• Loyal customers are worth up to 10 times as much… > Citation (Note: Primary sourcing could not be found, though this statistic is widely quoted through secondary sources.)
  • Repeat customers spend 67% more… > Citation

11 thoughts on “When Customers Stick: Customer Retention by the Numbers (Infographic)”

  1. Great infographic and really interesting. I’m curious if this was focused on B2C or B2B. Although there are many crossovers I can also see someone stopping purchasing from Enterprise is a little different than in a B2B capacity or software (perhaps more complex). Just curious of the numbers. Thanks!

    1. Hi Grace,

      Thank you for your comment! As you can tell from the sourcing, the data in the infographic represents a wide variety of studies from a variety of sources. Without vetting the data in detail, I imagine most of the stats are B2C. However, I think the important idea is that the data is really only good for relaying general principles. The data is best used as a starting point for organizations, whether B2B or B2C, to learn more about themselves.

      1. Great thanks and that makes sense. I agree about the starting point. I run customer success for a B2B software, so I’m always interested and think at the core, a lot of these hold true no matter what/who you work with. Thanks!

  2. Hi Adam

    Very interesting graphic and some really useful links to related articles.
    I’m writing an MBA paper on “Customer Equity measurement of the Value of the Firm” and was wondering if you happen to have data on customer retention rates by industry. It’s one of the inputs I need for my model but very few companies publish it and estimation proves quite difficult.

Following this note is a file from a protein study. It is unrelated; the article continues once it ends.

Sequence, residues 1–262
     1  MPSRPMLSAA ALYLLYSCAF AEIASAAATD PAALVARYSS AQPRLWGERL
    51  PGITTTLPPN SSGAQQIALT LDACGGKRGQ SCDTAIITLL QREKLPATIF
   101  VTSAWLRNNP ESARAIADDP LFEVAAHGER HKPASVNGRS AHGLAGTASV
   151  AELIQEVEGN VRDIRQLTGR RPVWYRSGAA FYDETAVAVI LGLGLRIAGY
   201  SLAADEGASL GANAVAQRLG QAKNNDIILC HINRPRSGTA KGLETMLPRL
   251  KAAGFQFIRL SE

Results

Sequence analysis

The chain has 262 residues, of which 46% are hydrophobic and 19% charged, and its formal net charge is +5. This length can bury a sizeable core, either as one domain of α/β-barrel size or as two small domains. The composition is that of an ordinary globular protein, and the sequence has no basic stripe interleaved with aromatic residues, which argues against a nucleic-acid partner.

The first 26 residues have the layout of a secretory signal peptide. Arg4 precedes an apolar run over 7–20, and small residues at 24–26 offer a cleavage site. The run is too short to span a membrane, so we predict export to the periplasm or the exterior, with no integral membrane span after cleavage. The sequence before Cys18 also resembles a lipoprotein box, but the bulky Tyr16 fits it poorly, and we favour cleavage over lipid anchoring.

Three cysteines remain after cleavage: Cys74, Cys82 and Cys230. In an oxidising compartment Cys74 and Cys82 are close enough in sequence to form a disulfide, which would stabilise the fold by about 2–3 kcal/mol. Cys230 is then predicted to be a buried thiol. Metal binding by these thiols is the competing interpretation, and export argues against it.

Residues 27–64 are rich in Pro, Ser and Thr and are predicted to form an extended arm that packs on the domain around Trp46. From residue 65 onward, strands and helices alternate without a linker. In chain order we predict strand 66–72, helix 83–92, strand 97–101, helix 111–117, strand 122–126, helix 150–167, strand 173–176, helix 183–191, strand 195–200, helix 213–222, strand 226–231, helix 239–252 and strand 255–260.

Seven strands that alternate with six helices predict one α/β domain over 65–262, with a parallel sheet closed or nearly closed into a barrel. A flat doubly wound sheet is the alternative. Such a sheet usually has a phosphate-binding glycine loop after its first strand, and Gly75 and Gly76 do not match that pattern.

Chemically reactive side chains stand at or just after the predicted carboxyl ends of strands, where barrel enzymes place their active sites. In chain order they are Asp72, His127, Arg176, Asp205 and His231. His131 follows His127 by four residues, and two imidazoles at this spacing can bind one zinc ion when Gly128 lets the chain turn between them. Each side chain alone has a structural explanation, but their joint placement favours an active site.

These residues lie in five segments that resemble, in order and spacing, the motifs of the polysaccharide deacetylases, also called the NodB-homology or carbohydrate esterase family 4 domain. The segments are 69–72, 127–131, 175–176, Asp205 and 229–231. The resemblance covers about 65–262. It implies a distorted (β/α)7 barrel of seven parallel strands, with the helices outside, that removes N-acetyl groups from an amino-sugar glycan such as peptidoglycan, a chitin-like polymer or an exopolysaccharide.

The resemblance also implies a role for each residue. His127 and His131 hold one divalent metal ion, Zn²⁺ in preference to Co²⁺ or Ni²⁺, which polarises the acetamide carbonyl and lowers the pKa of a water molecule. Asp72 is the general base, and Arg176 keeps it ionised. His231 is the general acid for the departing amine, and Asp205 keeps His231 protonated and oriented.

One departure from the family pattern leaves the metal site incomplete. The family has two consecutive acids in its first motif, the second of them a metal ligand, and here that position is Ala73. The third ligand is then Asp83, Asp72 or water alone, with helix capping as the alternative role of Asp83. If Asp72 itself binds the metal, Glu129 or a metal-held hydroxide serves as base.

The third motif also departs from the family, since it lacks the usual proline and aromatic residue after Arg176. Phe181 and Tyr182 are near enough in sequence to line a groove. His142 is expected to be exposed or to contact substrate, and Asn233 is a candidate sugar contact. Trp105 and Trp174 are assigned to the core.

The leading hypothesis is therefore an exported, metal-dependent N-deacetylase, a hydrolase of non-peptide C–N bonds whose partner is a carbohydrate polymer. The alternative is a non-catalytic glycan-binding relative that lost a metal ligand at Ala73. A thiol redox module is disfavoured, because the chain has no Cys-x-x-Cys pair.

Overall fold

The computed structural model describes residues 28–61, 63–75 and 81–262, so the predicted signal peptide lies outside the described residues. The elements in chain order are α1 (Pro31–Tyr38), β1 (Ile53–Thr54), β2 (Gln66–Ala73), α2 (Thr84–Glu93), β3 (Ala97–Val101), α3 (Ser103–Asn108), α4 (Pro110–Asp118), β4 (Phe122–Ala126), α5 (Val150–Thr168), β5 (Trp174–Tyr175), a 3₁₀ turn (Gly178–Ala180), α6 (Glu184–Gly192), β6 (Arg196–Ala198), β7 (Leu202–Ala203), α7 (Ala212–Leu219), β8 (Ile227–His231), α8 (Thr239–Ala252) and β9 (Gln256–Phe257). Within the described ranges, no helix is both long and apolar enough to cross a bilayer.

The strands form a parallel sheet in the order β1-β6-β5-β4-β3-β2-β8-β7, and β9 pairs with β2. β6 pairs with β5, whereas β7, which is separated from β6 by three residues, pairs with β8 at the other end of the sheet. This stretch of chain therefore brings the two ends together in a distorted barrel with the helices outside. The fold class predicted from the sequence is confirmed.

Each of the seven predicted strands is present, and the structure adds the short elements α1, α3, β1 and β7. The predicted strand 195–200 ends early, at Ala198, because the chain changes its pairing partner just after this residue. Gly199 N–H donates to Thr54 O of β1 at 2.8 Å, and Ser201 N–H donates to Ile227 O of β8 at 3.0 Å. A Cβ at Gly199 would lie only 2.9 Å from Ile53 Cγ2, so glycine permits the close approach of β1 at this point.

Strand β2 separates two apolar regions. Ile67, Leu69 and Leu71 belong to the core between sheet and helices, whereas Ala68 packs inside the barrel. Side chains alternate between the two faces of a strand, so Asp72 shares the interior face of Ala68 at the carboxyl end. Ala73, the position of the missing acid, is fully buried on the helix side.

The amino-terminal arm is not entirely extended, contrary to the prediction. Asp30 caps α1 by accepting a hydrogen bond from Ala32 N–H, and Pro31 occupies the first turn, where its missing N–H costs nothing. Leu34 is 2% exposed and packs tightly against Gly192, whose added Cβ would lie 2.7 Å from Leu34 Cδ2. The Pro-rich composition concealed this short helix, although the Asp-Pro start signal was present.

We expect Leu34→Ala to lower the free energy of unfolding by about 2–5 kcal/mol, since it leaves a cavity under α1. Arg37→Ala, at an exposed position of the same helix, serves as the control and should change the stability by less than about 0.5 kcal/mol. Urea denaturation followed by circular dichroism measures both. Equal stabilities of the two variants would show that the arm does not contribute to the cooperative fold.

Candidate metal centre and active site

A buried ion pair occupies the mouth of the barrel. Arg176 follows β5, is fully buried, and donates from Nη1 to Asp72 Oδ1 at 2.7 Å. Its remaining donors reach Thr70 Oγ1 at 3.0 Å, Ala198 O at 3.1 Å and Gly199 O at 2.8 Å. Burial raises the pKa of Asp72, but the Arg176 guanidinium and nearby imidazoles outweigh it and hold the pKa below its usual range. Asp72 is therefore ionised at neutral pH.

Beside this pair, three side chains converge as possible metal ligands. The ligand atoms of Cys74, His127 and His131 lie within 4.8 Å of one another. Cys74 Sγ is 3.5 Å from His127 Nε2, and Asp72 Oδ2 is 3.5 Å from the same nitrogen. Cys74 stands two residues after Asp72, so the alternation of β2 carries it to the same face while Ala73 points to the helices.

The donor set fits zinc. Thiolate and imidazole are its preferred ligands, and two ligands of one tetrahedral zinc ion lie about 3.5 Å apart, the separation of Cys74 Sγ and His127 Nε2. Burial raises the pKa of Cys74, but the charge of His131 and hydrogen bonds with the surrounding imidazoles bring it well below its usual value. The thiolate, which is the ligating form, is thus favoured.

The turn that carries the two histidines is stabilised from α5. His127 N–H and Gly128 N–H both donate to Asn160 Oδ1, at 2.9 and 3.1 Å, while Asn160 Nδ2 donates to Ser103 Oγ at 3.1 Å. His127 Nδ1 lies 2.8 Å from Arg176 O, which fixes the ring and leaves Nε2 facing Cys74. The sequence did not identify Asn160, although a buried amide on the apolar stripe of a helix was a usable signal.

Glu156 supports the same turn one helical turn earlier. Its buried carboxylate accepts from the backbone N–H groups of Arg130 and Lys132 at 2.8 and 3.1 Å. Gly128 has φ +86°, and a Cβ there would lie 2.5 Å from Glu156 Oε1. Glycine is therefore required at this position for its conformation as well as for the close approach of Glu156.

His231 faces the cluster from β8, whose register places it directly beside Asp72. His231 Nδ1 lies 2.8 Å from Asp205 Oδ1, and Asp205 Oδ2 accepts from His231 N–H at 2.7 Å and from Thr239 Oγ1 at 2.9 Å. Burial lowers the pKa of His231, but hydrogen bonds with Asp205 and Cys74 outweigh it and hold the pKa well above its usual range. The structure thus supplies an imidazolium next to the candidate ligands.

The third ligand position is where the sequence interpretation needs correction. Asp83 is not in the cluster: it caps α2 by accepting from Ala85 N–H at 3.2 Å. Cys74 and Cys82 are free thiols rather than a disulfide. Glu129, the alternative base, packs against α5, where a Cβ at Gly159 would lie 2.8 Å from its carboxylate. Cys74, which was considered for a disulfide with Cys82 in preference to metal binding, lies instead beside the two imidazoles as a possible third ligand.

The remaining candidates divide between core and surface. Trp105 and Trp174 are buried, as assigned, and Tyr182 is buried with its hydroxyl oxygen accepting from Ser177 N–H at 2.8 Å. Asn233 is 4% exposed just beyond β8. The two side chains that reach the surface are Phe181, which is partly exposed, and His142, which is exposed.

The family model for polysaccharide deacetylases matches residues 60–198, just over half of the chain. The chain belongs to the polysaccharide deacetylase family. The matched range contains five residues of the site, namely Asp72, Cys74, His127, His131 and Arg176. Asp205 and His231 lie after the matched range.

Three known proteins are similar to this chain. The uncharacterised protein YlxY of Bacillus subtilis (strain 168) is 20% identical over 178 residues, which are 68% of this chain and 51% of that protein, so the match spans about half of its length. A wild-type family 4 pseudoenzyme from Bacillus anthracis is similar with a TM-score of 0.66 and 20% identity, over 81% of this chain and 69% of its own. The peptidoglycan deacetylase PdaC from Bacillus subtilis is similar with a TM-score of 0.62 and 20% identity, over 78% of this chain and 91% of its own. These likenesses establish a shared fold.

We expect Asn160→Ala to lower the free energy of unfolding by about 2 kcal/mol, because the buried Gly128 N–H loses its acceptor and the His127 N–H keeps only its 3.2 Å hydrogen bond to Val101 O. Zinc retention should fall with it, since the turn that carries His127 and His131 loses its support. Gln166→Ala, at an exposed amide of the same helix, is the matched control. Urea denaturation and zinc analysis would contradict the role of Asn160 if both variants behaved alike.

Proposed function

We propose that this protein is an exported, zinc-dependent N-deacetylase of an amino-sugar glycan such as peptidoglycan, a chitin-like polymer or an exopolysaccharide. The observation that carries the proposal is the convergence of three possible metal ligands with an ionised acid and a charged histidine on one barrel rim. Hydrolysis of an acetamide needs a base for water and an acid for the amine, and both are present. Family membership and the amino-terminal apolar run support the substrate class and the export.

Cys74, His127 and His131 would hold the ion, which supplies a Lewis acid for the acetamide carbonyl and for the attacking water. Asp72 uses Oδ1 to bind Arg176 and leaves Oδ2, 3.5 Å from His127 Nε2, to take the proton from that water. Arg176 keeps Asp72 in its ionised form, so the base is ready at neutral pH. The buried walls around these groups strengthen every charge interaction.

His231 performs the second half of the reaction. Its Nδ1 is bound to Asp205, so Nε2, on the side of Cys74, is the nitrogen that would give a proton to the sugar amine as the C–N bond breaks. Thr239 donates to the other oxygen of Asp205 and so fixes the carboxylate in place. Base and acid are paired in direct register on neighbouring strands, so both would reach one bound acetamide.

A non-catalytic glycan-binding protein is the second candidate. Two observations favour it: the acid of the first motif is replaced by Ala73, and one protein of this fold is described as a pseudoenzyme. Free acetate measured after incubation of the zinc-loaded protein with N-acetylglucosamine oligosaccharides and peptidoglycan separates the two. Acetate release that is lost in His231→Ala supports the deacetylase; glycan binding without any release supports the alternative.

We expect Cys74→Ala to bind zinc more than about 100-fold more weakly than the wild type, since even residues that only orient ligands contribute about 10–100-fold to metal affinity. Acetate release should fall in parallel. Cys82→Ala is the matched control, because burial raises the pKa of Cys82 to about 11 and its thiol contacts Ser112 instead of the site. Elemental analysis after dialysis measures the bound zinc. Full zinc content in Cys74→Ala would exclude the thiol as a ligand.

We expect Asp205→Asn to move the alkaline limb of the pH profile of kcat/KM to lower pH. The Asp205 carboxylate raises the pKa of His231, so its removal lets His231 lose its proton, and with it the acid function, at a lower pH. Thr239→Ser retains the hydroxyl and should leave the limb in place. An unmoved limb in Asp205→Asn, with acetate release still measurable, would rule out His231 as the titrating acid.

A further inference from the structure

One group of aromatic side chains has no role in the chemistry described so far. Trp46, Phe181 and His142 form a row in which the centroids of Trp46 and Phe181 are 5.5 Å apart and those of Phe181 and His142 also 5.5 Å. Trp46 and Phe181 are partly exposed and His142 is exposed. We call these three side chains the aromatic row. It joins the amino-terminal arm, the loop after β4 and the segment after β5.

I have references for avg. of all U.S. companies at c. 80% retention rate, mobile phone operators at c. 90%, credit card companies at c. 85%-90%, online brokers at c. 95%, E-Tail at c. 75%.
    References for customer retention rates for banks, airlines, insurance and retail would be highly helpful and appreciated.
    Best regards,
    UCT GSB MBA Candidate

    1. Hi Henning,

      Thank you for your question. I’m glad you enjoyed the infographic.

      As you have probably discovered, universal industry data is not that readily available. Most of the companies that do this research do so at great expense, and charge dearly for access to it.

      As for web sources, this article might help with banking: Obviously though, going the web route, you will be dealing with different research methodologies and potentially different geographies.

      Best of luck with the paper! If you wish, you can us your conclusions when you are done.


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  7. Cyngus Technologies

    Impressive infographic regarding customer retention. I really agree that to gain new customers will cost more than to keep the existing ones. Business startups out there shall really focus on customer retention too.

    Keep up the good writing, by the way 😀